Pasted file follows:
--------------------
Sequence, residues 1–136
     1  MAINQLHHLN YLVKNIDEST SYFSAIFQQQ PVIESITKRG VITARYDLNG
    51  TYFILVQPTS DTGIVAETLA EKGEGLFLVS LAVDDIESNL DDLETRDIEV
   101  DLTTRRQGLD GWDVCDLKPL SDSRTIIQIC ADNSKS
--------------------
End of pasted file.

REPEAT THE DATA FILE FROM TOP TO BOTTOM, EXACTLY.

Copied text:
Sequence, residues 1–136
     1  MAINQLHHLN YLVKNIDEST SYFSAIFQQQ PVIESITKRG VITARYDLNG
    51  TYFILVQPTS DTGIVAETLA EKGEGLFLVS LAVDDIESNL DDLETRDIEV
   101  DLTTRRQGLD GWDVCDLKPL SDSRTIIQIC ADNSKS